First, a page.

LAWLESS: (R) Based on the true story of the infamous Bondurant Brothers, brothers in the bootlegging business, who have dreams of unimaginable riches during the Prohibition era. This bloody story gives a good spin on the classic gangster film. Filmed in our very own Coweta County, Georgia.
THE POSSESSION: (PG-13) Parents Clyde and Stephanie buy their daughter Em a antique wooden box at a yard sale, but after recieving the box, Em starts to act strange. When they realize their daughter might be possessed, they discover the box had contained a dislocated spirit that invades the bodies of others around it. They find themselves stuck in a race against time to save their daughter's soul from being completely devoured.
THUNDERSTRUCK: (PG) When dorky Brian wishes for the basketball court skills of NBA superstar Kevin Durant, he magically becomes the star player of his school's team. At the same time, Durant struggles on the court at the professional level after losing his skills to some kid. In the end, Brian learns to be a great player all you really have to do is work hard, typical uplifting sports movie.
2016: OBAMA'S AMERICA: (PG) The supposed horrors of President Obama are exposed in this documentary film that explores the part of Obama's life rarely seen by the public. Author Dinesh D'Souza hopes to expose the President's other visions for the future of America. North DeKalb Mall AMC 16 2050 Lawrenceville Highway, Decatur.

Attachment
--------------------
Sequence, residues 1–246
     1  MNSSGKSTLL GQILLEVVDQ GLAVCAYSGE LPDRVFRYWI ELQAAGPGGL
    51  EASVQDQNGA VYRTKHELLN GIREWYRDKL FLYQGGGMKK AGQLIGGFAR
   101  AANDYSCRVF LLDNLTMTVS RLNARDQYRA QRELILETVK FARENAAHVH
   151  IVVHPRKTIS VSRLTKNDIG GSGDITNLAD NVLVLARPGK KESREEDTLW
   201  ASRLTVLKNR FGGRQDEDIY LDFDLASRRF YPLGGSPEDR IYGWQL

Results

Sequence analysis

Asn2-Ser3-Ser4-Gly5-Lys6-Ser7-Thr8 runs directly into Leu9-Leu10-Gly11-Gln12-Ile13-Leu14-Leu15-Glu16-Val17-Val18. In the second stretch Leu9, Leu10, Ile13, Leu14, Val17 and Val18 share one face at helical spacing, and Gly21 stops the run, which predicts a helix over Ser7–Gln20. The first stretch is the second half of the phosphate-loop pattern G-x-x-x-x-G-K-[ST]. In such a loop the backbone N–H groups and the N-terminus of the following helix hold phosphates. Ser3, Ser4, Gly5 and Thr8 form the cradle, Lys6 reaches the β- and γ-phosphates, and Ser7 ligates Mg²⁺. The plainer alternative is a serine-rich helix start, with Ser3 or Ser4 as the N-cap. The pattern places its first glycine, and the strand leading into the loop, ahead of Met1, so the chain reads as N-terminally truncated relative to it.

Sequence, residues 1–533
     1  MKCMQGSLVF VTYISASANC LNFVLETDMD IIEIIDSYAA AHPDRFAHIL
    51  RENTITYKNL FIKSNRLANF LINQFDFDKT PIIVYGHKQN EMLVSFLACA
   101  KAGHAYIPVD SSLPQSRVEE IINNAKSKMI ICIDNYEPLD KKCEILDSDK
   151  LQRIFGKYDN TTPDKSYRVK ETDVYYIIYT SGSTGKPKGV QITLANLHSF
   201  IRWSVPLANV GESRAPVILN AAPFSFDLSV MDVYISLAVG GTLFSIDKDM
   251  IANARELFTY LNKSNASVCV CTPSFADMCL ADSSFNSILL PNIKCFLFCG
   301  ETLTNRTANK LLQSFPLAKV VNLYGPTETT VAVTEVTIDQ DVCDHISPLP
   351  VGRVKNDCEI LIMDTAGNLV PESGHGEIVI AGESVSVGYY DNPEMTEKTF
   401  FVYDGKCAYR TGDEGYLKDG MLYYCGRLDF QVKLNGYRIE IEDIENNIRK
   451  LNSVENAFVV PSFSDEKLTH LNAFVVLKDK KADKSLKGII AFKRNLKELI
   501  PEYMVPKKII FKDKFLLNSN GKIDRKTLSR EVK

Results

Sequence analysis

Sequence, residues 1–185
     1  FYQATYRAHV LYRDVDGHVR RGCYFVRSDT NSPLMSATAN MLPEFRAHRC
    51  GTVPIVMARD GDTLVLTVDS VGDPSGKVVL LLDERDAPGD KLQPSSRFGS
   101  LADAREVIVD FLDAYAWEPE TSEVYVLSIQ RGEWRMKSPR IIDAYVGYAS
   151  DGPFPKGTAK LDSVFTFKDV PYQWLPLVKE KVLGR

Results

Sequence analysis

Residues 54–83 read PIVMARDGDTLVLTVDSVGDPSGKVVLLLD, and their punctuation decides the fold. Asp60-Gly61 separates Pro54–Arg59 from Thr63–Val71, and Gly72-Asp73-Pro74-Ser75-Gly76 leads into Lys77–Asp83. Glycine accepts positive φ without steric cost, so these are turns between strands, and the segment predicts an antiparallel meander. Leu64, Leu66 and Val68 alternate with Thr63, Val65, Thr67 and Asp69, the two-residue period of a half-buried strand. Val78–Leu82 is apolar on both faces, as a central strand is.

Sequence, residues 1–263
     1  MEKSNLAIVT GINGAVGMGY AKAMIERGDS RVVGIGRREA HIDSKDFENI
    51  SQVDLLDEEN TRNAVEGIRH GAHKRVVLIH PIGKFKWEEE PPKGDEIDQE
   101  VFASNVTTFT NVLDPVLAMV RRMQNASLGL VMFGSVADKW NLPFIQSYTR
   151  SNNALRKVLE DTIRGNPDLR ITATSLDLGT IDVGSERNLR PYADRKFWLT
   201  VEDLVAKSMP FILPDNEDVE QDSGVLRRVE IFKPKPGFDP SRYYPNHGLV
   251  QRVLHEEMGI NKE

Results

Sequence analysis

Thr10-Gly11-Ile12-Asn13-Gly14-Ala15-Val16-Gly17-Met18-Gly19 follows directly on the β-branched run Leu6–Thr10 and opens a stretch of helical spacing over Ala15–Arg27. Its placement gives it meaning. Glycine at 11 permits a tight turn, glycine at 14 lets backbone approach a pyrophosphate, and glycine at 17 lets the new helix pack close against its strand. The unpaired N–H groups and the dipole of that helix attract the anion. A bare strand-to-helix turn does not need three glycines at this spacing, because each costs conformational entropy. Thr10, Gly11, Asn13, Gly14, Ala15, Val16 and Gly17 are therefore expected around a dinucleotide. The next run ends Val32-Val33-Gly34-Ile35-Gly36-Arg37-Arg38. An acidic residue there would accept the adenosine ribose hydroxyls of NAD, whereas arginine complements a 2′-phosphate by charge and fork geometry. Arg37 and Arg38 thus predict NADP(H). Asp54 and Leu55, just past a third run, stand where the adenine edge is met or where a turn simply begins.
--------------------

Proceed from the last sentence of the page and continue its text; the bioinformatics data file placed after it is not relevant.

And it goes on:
DARK HORSE: (NR) Abe is desperately clinging to his adolescence, still living with his parents in his thirties. His brother Richard is having success in California as a doctor, and in a desperate move to gain attention and respect, Abe asks Miranda to marry him. As Abe begins to realize what he has done, his subconscious begins eating away at him. Midtown Art Cinema 931 Monroe Drive
THE KILLING: (NR) This classic film Noir is the story of a heist aimed at robbing a race track, but when disaster hits the gang of robber's plan is crushed. Directed by Stanley Kuberick. Plaza Theatre 1049 Ponce De Leon Place
WHY STOP NOW: (R) Eli the piano prodigy is about to have the audition of his lifetime; one that could determine his entire future. His life is torn between two worlds, one where he controls the output of a beautiful song. The other, he takes care of his mother and sister, and deal with his mother's drug addiction. Plaza Theatre 1049 Ponce De Leon Place